December 12, 2003

- - So Just How Bad ARE Things, Johnny? - -

Well, Ed . . . things are sooooooooooooo bad, that:

1. Unions are f**ked, both here in the U$X and in Iraq. Excerpt from the first piece by AlterNet's Mark Weisbrot:

Tens of thousands of workers are fired each year for joining or attempting to organize a union, in violation of U.S. law. But the penalties for employers are so slight that they have what Human Rights Watch calls "a culture of near impunity."

Employers can also refuse to negotiate for years with a union even after it is recognized, effectively negating their legal obligation to bargain. And while they can't legally fire workers for striking, they can hire "permanent replacements" - a distinction without much difference . . .

Abandoning this basic right to freedom of association has had enormous economic consequences. It is no coincidence that the United States, with one of the lowest rates of unionization in the developed world, is the only high-income country without a national health insurance system. Or that Europeans enjoy five weeks of vacation on average as compared to less than three for Americans.

The second piece is a recent report from Iraq Occupation Watch, "US Attacks Iraqi Unions' Headquarters." Excerpt:

The American occupation forces, using a force of about ten armored cars and tens of soldiers, attacked the temporary headquarters of IFTU (at the headquarters of Transport and Communications Union, in Karkh district, Alawi Al Hilla) in Baghdad) at 10.30 am, Saturday 12/6/2003, and arrested 8 of its leaders and cadres, who were handcuffed and taken away to an unknown destination. The attackers ransacked and destroyed IFTU's possessions, tearing down banners and posters condemning acts of terror, tarnishing the name of IFTU and that of the General Union of Transport Workers (on the building's main front) with black paint and smashing windows glass, without giving any reason or explanation.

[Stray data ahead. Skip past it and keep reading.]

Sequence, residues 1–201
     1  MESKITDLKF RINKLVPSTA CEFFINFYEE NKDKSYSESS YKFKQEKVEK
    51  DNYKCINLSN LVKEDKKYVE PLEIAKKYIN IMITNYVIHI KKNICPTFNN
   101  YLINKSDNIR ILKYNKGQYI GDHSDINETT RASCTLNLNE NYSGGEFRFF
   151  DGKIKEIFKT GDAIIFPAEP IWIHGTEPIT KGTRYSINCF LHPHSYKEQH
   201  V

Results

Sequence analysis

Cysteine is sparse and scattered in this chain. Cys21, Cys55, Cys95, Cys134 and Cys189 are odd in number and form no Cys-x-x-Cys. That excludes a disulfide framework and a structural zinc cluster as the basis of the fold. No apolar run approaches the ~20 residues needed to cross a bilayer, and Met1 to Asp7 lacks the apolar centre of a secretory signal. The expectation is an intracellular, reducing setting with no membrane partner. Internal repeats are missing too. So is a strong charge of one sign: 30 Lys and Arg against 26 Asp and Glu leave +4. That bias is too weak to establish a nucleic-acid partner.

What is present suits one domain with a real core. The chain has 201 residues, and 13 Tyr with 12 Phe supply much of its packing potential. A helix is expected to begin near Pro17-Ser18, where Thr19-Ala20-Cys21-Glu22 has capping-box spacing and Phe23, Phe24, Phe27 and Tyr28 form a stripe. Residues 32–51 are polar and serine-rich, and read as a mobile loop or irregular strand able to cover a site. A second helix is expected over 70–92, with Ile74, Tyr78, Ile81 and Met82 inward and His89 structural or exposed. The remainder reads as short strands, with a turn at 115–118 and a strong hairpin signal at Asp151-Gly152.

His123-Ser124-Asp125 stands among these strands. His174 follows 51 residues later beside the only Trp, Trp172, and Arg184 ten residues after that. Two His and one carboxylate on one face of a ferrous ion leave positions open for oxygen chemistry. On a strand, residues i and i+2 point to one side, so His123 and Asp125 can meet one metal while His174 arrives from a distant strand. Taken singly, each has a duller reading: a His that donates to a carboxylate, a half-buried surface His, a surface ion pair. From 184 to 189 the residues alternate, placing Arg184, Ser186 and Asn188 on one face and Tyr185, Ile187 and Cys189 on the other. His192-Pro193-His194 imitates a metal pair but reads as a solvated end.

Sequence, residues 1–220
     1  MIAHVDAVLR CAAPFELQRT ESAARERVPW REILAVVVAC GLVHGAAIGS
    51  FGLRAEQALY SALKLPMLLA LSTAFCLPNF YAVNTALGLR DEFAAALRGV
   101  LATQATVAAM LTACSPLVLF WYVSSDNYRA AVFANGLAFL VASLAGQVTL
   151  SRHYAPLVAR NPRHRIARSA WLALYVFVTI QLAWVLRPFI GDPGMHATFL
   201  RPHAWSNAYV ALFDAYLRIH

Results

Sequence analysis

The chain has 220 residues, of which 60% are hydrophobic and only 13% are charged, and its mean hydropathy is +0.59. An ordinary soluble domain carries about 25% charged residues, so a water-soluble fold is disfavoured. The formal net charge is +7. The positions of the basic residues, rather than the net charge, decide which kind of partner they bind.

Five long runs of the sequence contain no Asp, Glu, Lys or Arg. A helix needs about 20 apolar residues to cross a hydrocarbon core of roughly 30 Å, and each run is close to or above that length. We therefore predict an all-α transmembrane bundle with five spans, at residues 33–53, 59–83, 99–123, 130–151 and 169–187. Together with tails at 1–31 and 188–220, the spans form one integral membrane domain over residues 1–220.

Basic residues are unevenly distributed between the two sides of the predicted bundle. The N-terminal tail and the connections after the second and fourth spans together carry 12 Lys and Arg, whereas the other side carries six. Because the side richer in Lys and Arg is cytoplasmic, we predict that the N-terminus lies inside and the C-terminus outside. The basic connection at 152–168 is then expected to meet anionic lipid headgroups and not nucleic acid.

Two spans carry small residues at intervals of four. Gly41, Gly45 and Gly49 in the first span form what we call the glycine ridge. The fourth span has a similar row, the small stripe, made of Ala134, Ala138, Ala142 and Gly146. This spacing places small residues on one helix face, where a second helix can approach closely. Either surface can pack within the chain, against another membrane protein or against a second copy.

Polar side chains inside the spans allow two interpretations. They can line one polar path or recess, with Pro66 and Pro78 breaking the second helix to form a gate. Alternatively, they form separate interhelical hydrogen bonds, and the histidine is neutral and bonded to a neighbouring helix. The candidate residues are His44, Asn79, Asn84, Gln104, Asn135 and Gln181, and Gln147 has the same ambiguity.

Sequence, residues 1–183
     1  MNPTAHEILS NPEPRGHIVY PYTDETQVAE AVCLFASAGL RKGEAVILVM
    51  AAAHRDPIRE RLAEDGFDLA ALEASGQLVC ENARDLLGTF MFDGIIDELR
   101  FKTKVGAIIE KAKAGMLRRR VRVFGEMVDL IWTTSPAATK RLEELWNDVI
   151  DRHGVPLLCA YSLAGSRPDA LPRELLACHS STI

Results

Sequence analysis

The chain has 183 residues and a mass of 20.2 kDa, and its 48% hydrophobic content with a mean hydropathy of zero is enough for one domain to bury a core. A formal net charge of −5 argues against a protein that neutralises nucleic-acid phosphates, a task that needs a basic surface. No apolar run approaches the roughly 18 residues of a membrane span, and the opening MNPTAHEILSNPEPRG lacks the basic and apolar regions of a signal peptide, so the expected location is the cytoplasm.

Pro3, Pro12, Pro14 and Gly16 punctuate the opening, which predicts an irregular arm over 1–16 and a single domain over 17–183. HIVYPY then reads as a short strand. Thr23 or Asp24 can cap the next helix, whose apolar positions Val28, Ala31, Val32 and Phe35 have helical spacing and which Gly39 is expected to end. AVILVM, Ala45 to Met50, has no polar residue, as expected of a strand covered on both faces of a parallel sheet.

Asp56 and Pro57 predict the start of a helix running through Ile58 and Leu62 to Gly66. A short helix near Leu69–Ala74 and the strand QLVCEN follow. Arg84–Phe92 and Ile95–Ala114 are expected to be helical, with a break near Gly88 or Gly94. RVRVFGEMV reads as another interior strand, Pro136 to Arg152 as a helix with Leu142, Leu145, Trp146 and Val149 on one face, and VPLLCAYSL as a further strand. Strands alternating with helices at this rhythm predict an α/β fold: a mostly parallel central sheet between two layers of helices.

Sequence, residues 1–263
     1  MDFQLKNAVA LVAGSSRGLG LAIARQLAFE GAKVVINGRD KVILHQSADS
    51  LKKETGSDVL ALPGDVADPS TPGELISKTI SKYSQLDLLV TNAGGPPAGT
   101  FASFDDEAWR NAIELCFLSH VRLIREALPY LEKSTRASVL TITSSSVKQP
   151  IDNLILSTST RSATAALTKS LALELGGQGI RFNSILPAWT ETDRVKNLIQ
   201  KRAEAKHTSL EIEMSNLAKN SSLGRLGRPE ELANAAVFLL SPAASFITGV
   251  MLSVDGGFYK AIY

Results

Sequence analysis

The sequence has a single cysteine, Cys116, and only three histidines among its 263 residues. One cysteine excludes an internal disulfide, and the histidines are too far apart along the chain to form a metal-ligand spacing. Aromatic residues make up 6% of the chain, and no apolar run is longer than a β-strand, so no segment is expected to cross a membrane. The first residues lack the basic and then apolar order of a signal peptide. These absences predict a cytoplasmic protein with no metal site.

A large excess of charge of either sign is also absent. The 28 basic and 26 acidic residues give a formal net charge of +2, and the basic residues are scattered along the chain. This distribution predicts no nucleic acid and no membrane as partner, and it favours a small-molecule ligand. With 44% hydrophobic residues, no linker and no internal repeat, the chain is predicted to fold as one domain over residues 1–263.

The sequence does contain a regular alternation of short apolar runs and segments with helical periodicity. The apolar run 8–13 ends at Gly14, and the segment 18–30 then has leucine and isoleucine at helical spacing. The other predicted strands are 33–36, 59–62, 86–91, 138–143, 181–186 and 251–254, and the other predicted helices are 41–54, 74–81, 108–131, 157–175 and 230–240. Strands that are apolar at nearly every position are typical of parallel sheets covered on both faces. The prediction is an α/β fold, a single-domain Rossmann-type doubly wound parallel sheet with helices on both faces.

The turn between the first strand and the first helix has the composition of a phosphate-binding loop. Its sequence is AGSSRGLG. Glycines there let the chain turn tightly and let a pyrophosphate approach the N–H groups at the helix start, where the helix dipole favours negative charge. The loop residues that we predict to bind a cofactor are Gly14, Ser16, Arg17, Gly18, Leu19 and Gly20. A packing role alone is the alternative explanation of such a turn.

(Don't tell me you're surprised . . . there's a solid history of that in our own country.)

2. Law of any and every kind has become irrelevant to The Cheney Gang. The recent admission by Richard Perle that the Iraq invasion was a violation of international law was greeted by a collective shrug. Then yesterday, confronted by Schroeder's suggestion that "the Wolfowitz Doctrine" ("no shootee, no workee") might also be a criminal act, Doubleduh said, "International law? I better call my lawyer."

(His lawyer, however, will probably be pretty busy protecting his brudda Neil's ass, since there are rumors of influence peddling going on, according to this piece from Financial Times.)

3. While claiming that "we're fighting an enemy that doesn't value human life," we're killing everything in the vicinity, while telling the Iraqi Health Ministry to stop publicizing the Iraqi casualty numbers. On the first issue, The Guardian's Julian Borger reports today,

In a study of civilian casualties from the Iraq war, Human Rights Watch (HRW) found that although the air force use of cluster bombs had become more careful since fierce criticism of civilian casualties in Yugoslavia in 1999, the US and British armies continued to use such munitions extensively, firing thousands of artillery shells and rockets, each filled with hundreds of explosive bomblets, or grenades.

The bomblets killed hundreds of civilians when first used, and unexploded duds continue to pose a threat in the postwar period, particularly to children, HRW alleged. The study confirms allegations by Washington and London that Iraqi forces customarily placed their guns near schools, hospitals and other civilian sites, but argues that the coalition should have used different weapons and tactics against them.

Additionally, of course everyone knows that we've killed a bunch of children this week. And in case you missed it yesterday, you need to see Our boys at play.
That's how bad it is.

Be at peace.